A new report from The Nation suggests the DNC hack was actually a leak, and not a hack from Russia.
There has been a long effort to counter the official narrative we now call “Russiagate.”
This effort has so far focused on the key events noted above, leaving numerous others still to be addressed. Until recently, researchers undertaking this work faced critical shortcomings, and these are to be explained. But they have achieved significant new momentum in the past several weeks, and what they have done now yields very consequential fruit.
Forensic investigators, intelligence analysts, system designers, program architects, and computer scientists of long experience and strongly credentialed are now producing evidence disproving the official version of key events last year.
Their work is intricate and continues at a kinetic pace as we speak. But its certain results so far are two, simply stated, and freighted with implications:
There was no hack of the Democratic National Committee’s system on July 5 last year—not by the Russians, not by anyone else. Hard science now demonstrates it was a leak—a download executed locally with a memory key or a similarly portable data-storage device. In short, it was an inside job by someone with access to the DNC’s system.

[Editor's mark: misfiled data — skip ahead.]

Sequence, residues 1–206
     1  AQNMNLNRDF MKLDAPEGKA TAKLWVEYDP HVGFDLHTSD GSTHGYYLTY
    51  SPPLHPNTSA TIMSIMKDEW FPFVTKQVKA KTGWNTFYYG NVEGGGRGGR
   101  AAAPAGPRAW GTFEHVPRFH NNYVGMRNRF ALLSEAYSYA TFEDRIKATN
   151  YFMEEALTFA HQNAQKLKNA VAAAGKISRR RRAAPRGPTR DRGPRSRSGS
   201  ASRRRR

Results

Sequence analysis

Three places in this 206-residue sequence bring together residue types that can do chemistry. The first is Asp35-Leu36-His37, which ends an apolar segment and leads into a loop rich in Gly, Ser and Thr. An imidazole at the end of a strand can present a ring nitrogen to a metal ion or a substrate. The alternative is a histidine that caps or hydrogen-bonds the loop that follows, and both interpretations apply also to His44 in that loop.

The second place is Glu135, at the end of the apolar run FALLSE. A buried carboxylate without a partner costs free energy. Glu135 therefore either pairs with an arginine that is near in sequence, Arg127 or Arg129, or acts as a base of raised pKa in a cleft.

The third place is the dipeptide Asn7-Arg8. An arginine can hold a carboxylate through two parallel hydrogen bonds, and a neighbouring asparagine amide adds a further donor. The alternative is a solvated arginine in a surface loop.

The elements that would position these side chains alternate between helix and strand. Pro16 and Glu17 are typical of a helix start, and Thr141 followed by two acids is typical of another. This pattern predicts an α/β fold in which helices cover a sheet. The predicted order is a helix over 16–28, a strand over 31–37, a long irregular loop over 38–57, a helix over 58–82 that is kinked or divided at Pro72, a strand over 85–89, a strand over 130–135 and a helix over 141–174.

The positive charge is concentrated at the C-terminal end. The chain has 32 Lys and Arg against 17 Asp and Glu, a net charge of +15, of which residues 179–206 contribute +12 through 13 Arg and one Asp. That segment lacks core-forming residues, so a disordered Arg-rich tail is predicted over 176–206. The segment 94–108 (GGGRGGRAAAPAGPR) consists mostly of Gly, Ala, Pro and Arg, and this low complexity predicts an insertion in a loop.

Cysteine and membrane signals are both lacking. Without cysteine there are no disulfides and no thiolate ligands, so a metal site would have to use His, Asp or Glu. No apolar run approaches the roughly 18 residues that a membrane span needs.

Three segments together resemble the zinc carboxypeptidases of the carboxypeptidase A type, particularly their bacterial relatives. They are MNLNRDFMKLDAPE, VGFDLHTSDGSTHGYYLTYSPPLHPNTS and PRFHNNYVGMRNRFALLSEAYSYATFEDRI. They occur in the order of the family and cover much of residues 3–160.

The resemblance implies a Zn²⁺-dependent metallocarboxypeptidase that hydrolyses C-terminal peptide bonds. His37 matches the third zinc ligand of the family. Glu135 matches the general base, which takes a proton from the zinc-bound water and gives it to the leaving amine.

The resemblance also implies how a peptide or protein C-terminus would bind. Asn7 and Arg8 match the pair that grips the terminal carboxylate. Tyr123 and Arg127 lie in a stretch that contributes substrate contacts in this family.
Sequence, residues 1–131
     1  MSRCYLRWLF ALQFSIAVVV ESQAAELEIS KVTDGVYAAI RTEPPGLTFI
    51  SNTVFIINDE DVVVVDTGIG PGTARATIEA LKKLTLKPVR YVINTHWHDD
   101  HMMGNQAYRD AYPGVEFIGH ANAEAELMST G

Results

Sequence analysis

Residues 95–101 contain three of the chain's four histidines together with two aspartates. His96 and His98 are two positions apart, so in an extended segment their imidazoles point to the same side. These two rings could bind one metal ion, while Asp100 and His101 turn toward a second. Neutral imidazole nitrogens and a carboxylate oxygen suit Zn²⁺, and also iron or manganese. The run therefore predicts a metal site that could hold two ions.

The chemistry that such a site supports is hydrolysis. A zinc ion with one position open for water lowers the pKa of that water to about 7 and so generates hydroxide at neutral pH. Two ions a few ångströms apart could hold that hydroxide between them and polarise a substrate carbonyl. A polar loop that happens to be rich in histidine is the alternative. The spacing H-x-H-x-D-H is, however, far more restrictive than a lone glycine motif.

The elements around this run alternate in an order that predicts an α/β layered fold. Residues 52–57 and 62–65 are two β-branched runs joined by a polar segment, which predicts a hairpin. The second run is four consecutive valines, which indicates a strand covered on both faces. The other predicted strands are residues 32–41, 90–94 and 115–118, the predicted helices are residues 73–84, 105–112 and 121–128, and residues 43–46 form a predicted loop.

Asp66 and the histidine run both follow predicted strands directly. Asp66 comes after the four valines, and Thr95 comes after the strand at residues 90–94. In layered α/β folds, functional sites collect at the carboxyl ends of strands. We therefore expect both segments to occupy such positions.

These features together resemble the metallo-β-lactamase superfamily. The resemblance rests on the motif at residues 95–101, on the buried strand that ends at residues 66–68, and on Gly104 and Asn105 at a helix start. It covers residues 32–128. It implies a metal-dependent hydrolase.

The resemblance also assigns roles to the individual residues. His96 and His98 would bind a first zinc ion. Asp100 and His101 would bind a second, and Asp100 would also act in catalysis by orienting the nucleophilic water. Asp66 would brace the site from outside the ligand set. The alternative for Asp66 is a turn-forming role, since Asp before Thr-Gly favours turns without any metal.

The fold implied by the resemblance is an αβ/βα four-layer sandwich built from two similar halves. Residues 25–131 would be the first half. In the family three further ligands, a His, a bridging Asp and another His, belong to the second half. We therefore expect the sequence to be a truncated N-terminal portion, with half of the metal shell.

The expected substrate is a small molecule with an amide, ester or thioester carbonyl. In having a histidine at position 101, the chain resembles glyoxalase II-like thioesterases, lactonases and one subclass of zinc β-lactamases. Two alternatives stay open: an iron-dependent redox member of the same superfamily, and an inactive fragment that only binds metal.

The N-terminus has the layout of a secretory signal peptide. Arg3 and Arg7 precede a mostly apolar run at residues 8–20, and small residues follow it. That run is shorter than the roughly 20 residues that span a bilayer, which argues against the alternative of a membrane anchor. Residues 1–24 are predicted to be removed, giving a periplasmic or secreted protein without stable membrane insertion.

This casts serious doubt on the initial “hack,” as alleged, that led to the very consequential publication of a large store of documents on WikiLeaks last summer.
Forensic investigations of documents made public two weeks prior to the July 5 leak by the person or entity known as Guccifer 2.0 show that they were fraudulent: Before Guccifer posted them they were adulterated by cutting and pasting them into a blank template that had Russian as its default language.
Guccifer took responsibility on June 15 for an intrusion the DNC reported on June 14 and professed to be a WikiLeaks source—claims essential to the official narrative implicating Russia in what was soon cast as an extensive hacking operation. To put the point simply, forensic science now devastates this narrative.